One in five older Australians feel lonely, particularly those aged 75 and over.
Those who live in aged care facilities or live alone, and have health issues that limit their mobility are more likely to experience loneliness. The number of older Australians feeling lonely is estimated to drastically rise with a growing ageing population. Loneliness is a social and public health issue.
Lonely older people are more likely to experience depression, physical and cognitive decline, and a range of illnesses that require long-term care. For example, loneliness increases the risk of dementia by 40 per cent for the older population, regardless of gender, education, ethnicity and even genetic risk. Loneliness is also one of the top causes of social exclusion among older people. It's something we need to take seriously. At Lifeline Tasmania, we take it seriously.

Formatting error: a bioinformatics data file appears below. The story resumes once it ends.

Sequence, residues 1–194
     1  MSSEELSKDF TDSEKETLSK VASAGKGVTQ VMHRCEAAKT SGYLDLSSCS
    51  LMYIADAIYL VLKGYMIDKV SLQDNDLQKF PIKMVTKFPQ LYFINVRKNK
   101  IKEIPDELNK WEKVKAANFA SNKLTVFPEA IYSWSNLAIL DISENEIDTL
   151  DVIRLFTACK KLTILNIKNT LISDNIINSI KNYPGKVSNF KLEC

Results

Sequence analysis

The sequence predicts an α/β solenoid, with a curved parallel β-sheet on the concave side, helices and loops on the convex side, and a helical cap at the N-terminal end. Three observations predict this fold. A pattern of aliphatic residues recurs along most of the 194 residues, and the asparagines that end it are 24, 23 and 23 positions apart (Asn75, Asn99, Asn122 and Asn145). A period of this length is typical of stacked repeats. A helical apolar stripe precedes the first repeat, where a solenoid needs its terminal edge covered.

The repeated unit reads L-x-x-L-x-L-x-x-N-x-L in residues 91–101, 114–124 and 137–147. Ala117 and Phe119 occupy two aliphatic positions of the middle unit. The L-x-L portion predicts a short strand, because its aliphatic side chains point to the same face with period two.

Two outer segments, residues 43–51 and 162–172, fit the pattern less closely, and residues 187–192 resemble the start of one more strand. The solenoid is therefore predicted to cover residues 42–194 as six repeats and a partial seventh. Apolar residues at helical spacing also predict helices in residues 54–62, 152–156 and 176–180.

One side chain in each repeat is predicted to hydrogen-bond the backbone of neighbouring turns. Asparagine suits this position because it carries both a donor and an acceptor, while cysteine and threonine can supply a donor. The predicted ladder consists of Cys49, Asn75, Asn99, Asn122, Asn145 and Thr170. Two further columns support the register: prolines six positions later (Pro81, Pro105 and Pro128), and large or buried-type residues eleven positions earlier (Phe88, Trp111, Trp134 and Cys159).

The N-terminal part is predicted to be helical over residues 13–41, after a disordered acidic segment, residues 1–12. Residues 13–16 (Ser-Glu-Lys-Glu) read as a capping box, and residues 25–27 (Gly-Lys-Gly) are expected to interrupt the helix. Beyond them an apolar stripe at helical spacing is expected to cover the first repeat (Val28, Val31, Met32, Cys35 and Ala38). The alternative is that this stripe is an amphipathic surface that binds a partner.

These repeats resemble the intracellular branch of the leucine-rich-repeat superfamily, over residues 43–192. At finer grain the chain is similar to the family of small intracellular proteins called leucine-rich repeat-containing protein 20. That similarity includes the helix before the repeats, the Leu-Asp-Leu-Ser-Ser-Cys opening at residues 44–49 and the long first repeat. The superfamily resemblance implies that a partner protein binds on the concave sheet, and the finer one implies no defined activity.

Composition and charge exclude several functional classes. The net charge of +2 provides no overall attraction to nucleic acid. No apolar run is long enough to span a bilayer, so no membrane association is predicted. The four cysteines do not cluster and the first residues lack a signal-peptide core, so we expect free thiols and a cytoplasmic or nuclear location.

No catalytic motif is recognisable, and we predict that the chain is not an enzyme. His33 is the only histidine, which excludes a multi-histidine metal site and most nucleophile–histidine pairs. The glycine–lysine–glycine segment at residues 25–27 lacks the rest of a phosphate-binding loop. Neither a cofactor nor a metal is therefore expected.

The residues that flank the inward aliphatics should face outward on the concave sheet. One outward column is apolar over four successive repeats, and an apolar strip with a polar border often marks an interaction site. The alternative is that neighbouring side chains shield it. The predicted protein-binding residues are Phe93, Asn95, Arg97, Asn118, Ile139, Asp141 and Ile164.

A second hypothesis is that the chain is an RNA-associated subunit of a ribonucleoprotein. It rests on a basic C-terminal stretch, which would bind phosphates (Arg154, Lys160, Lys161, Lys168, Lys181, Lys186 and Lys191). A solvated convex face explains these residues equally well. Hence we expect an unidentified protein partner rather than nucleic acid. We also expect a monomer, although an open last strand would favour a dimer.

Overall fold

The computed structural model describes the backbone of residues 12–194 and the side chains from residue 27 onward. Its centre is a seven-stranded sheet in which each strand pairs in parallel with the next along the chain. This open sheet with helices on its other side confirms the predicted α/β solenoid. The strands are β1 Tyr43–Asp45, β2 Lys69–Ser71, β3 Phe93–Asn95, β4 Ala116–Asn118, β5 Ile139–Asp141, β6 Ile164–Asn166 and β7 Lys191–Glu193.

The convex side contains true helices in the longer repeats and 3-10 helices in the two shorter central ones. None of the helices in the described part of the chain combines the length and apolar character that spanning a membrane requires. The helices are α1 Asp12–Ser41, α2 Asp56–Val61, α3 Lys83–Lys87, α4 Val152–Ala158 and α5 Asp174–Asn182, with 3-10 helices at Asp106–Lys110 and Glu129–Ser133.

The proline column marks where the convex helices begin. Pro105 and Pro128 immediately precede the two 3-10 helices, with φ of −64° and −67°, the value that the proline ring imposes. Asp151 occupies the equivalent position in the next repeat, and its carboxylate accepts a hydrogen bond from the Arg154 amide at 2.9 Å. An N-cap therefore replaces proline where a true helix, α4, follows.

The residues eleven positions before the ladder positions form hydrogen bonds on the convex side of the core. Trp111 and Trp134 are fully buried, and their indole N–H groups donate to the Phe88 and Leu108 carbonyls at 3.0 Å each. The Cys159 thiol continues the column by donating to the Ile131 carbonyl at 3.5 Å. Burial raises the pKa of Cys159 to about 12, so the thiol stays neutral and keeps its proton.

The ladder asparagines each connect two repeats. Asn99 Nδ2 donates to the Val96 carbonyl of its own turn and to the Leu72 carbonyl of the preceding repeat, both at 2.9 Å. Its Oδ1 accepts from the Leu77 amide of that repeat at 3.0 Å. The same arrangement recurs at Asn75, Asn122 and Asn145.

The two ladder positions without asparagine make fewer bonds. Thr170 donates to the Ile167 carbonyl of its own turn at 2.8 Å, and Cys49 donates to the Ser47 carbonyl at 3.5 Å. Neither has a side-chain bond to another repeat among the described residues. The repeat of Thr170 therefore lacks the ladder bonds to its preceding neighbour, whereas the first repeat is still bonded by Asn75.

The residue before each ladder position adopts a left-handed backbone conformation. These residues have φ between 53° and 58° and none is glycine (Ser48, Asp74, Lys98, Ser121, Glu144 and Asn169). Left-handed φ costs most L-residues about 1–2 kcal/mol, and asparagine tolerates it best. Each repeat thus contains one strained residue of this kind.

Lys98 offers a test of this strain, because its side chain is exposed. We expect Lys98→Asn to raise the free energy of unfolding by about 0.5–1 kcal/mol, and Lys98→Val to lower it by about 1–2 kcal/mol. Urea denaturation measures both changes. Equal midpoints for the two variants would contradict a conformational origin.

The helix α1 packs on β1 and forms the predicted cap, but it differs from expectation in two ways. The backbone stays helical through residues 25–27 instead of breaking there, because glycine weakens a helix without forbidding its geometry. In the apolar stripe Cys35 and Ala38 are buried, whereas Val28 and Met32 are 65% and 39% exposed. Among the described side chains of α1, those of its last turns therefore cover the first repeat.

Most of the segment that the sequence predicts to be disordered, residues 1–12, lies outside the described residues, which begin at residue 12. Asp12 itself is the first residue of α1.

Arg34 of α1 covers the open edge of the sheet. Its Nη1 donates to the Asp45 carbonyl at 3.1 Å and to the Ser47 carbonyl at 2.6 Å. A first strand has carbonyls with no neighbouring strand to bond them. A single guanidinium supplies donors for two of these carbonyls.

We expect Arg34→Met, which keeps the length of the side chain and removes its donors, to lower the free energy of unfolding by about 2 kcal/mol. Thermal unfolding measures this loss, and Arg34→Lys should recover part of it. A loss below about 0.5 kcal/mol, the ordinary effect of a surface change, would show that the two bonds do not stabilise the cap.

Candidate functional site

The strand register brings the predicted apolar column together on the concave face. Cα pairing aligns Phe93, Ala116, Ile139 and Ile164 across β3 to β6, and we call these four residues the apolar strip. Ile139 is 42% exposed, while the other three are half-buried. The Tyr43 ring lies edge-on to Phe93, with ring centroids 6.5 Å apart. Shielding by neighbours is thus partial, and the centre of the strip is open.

The Chats Program aims to help individuals to improve their health, happiness and confidence and reduce any feelings of loneliness or isolation for Older Tasmanians.
Reducing social isolation in older Tasmanians.